In the early 1950s, Ellsworth befriended Hollywood producer Herman Cohen during the filming of Battles of Chief Pontiac. The picture was shot on-location in western South Dakota, using Lakota Indians from a nearby reservation to portray the Native Americans. General Ellsworth allowed personnel from the base to act as extras in the film, portraying British and Hessian troops. Ellsworth sent out Air Force water trucks to assist the production crew. General Ellsworth's three sons were allowed to visit the set and meet the actors.

Death[edit]

Official US Air Force accident incident photo of the March 18, 1953 bomber crash

On March 18, 1953, Ellsworth was co-piloting an American Convair RB-36H Peacemaker bomber on a 25-hour journey as part of a simulated combat mission flying from Lajes, Azores back to the Rapid City base. As part of their exercise, the bomber was observing radio silence and had switched off their radar guidance, flying via celestial navigation.

They had planned to fly low over the ocean, steadily increasing to higher altitudes before reaching the mountainous countryside of Newfoundland. Late into the night, the aircraft struck bad weather and went off course, reaching Newfoundland 90 minutes earlier than planned. At 4:10 am at a hill near Burgoyne's Cove, inland from Nut Cove, Trinity Bay, Newfoundland, with sleet, fog, freezing drizzle, and visibility estimated at less than 18-mile (0.20 km), the plane struck an 896-foot hill at 800 feet with a ground speed of 202 knots. The aircraft's propellers severed the tops of pine trees while the plane's left wing hit the ground, tore off, and spilled fuel. The rest of the plane impacted some thousand feet further. The impact and subsequent fire from the plane's fuel tanks scorched an 8-foot-deep (2.4 m) trench in the countryside. Loggers on a nearby hill spotted the fireball and alerted rescuers, but all 23 on board were killed on impact. That same night, a Boeing SB-29 Superfortress search and rescue plane was sent out to assist in search efforts. It disappeared and was presumed crashed as well.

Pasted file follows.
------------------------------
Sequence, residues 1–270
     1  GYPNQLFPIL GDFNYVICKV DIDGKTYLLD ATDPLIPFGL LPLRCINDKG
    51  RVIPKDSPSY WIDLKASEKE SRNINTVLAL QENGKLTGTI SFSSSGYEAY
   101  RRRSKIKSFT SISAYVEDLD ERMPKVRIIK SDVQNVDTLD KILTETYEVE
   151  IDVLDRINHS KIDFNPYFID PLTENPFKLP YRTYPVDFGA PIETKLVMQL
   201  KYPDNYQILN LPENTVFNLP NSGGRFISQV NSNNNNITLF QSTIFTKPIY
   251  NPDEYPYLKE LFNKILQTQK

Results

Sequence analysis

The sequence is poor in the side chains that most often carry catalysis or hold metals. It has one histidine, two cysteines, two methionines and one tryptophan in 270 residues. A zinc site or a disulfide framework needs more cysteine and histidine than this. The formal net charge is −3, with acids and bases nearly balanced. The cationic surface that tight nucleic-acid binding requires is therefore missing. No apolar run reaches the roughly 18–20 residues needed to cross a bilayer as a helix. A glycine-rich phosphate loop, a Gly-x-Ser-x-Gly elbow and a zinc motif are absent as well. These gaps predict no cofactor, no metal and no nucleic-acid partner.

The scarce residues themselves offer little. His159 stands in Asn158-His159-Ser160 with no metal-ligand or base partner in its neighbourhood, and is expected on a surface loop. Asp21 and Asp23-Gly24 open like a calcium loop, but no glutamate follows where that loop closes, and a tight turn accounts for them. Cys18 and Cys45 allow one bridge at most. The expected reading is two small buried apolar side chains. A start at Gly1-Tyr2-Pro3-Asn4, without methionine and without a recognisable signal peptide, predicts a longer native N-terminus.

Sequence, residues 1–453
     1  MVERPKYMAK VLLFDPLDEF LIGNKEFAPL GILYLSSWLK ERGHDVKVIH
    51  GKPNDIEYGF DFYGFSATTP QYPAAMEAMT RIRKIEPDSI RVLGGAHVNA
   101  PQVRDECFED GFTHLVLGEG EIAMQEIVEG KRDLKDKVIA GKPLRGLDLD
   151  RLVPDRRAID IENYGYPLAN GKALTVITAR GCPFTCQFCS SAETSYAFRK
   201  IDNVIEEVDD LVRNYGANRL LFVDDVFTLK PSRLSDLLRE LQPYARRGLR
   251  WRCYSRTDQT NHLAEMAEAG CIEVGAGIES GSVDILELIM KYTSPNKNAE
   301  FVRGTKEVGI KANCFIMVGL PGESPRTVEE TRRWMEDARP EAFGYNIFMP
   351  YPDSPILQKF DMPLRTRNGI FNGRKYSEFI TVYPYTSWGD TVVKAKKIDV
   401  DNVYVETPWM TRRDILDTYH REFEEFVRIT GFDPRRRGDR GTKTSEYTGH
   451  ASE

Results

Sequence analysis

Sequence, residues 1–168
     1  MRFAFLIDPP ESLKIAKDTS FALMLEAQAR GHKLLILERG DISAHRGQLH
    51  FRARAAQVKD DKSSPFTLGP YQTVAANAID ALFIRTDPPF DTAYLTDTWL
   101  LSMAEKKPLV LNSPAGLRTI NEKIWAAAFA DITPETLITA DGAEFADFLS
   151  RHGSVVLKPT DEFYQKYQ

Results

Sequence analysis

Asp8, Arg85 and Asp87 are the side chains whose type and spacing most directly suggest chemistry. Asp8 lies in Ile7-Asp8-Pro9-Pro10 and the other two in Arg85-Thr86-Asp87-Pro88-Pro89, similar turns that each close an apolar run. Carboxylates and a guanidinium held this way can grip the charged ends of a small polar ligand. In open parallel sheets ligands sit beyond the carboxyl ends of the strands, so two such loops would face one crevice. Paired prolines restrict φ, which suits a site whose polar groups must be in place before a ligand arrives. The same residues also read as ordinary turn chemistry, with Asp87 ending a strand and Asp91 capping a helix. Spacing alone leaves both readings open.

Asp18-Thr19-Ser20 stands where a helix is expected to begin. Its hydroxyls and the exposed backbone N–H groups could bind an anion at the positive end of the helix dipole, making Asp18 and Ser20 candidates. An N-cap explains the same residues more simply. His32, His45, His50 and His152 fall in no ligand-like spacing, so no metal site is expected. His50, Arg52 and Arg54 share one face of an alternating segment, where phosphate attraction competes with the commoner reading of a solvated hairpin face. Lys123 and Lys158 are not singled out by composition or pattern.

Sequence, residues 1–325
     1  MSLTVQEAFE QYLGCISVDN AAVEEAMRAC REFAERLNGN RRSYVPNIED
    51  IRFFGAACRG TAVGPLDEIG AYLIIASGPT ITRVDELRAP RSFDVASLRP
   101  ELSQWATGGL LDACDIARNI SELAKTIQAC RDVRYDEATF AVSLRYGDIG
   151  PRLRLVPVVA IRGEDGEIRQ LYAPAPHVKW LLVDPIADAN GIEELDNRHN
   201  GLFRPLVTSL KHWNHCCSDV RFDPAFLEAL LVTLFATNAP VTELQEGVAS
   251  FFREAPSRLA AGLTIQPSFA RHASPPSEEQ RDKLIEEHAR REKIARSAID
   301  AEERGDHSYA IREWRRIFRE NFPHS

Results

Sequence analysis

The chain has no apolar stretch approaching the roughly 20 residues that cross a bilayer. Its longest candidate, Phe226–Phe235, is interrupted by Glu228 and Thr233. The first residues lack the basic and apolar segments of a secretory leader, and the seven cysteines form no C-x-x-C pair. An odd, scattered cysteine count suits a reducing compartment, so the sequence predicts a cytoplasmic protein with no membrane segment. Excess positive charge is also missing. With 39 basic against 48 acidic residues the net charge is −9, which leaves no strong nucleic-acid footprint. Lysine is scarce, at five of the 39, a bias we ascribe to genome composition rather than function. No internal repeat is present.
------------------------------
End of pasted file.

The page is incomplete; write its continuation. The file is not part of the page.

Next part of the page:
In the aftermath of the crash, an accident investigation board recommended new procedures to scan more frequently for approaching high terrain and to climb to safer altitudes before approaching within 200 miles of a water-land boundary. President Dwight Eisenhower personally went to the Rapid City base and renamed it Ellsworth Air Force Base, to honor the general.

Crash site[edit]

The remote crash site is one of only two B-36 crash sites still remaining (the other is in Alaska). Wreckage is strewn across 34-mile (1.2 km) of terrain, and remains today where it landed. The site is located about a 40-minute hike away from the nearest parking area. A nearby memorial features a propellor from the bomber, and a bronze plaque listing the names of the deceased crewmembers. The location of the crash site is at approximately 48.1886 N,-53.6602 W.

References[edit]

  1. ^ "Gen Richard Elmer Ellsworth (1911 - 1953) - Find A Grave Photos". Findagrave.com. 2008-09-20. Retrieved 2011-04-09.